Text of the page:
State Attorney General Bob Ferguson is working to control ownership of some rifles and high-capacity magazines in Washington state, but most local law enforcement leaders disagree with him.
Senate Bill 5050, introduced in the state Senate on Jan. 9, would ban the sale of “assault weapons” and magazines capable of carrying more than 10 rounds. The bill is before the Law and Justice Committee for review.
The bill lists several reasons a rifle would be considered an assault weapon, including a detachable magazine, pistol grip, second handgrip or “a shroud attached to the barrel, or that partially or completely encircles the barrel, allowing the bearer to hold the firearm … without being burned.”
“I believe a ban on the sale of assault weapons is the right policy for Washington, and I will keep fighting for that,” Ferguson said.
He cited a report from Mayors Against Illegal Guns, which says between 2009 and 2013 assault weapons and high-capacity magazines “resulted in 135 percent more people shot and 57 percent more killed, compared to other mass shootings.”
A study at Johns Hopkins University says 100 homicides and 500 gunshot wounds could have been prevented if a national ban on high-capacity magazines existed, Ferguson said.
Benton County Sheriff Steve Keane, Franklin County Sheriff Jim Raymond, Richland Police Chief Chris Skinner and Kennewick Police Chief Ken Hohenberg disagree with Ferguson’s bill, for different reasons.
“My biggest concern with any gun control legislation is if it violates the Second Amendment to the United States Constitution,” Keane said. “Many of our citizens in Benton County are deeply concerned about any possible infringement in this regard.”
Hohenberg and Skinner agreed with him.
“It’s a tough one, both personally and professionally, because both perspectives are not in alignment,” Skinner said. “Would our society be safer if we didn’t have the ability to fire 30 rounds in a second? My answer is yes. Do I want to erode my ability to own firearms? No. It comes down to personal responsibility.”
Hohenberg added that it comes down to who has the firearms.
“The bad guys are going to figure out how to get them,” Hohenberg said. “The good guys just have to face more hoops to get them.”
It comes down to who has them, and the bad guys are going to figure out how to get them. The good guys just have to face more hoops to get them.
Kennewick police Chief Ken Hohenberg
The local law enforcement leaders agreed the ban would not have any effect, because people with murderous intent would find firearms or magazines. Criminals regularly skirt prohibitions already in place to possess a firearm, or modify one before it’s used in a crime.
“If you are hell bent on doing whatever to make a statement. ... Let’s say we took away every assault rifle in this country. I hope people don’t believe this will stop them,” Raymond said. “I don’t believe it will change their behavior.”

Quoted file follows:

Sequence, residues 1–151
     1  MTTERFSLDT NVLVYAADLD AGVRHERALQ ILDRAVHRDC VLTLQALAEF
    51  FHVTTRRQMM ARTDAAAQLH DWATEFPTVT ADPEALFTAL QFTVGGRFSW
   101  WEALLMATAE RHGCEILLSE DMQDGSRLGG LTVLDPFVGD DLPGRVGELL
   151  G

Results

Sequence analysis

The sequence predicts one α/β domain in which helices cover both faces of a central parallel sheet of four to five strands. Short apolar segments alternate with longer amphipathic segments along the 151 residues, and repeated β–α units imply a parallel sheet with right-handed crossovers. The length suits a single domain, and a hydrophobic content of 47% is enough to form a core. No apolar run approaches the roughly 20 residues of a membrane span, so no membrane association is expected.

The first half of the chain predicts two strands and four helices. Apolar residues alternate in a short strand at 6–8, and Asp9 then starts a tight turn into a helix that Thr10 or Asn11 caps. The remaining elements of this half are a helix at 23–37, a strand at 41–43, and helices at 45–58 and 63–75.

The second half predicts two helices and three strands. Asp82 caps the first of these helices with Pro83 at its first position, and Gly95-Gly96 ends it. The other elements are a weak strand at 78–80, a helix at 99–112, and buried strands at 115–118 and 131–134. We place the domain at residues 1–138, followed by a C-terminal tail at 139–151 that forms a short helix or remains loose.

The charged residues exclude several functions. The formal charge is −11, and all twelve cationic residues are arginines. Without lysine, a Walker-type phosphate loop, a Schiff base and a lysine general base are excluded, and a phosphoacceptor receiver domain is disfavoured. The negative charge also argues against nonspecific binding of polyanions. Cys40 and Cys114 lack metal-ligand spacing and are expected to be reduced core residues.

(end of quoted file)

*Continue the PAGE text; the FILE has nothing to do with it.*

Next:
Keane and Hohenberg would like to see existing laws applied more often and to a greater extent.
“If we could hold people accountable, it would be promising,” Hohenberg said.
“We should make sure our own house is in order, instead of making a blanket ban,” Skinner said. “Where are we failing? It’s important to pay attention to why they happen.”
Many mass shooters appear to have had mental health issues before committing crimes. Local police and sheriffs would like to see easier access to mental health for people needing help.
“Before we start taking away the people’s Second Amendment rights, we need to address the people’s behavior,” Raymond said. “We should be focusing on behaviors rather than weapons. By controlling the gun, you won’t be controlling their behavior.”
Keane noted that there are not enough resources to assess, treat and house people with mental illnesses.
“Sadly, jails are quickly becoming the substitute housing facilities for the mentally ill,” Keane said.
I have not personally found any objective evidence that suggests an actual reduction of violent gun crime simply by outlawing a certain type of weapon, magazine capacity, or caliber of bullet
Benton County Sheriff Steve Keane
Gov. Jay Inslee and some Western Washington state lawmakers are pushing to pass additional legislation to force people to store their guns with locks, and require additional licensing and background checks for people buying assault weapons.
Keane sympathizes with those who have lost loved ones due to violent acts committed by criminals using these types of weapons, he said.
“However, I have not personally found any objective evidence that suggests an actual reduction of violent gun crime simply by outlawing a certain type of weapon, magazine capacity, or caliber of bullet,” Keane said. “In fact, cities with the strictest gun control laws have some of the highest gun violence anywhere in the United States.”
Pasco Police Chief Robert Metzger declined to comment for this story.
Read the full text of the bill at bit.ly/SenateBill5050